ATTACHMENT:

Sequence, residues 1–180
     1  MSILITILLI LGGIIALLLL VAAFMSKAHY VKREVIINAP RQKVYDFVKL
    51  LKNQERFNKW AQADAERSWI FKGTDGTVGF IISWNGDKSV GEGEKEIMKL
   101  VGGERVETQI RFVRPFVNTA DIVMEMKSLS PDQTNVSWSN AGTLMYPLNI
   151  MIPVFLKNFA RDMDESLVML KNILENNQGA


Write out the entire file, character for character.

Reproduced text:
Sequence, residues 1–180
     1  MSILITILLI LGGIIALLLL VAAFMSKAHY VKREVIINAP RQKVYDFVKL
    51  LKNQERFNKW AQADAERSWI FKGTDGTVGF IISWNGDKSV GEGEKEIMKL
   101  VGGERVETQI RFVRPFVNTA DIVMEMKSLS PDQTNVSWSN AGTLMYPLNI
   151  MIPVFLKNFA RDMDESLVML KNILENNQGA